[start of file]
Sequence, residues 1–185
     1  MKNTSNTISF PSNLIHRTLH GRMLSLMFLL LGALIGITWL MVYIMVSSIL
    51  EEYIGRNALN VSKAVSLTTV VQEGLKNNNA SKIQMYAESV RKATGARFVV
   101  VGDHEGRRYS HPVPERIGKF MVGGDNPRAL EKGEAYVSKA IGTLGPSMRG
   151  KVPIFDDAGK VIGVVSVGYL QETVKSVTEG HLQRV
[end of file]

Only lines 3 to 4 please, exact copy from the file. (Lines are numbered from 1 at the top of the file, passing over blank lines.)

    51  EEYIGRNALN VSKAVSLTTV VQEGLKNNNA SKIQMYAESV RKATGARFVV
   101  VGDHEGRRYS HPVPERIGKF MVGGDNPRAL EKGEAYVSKA IGTLGPSMRG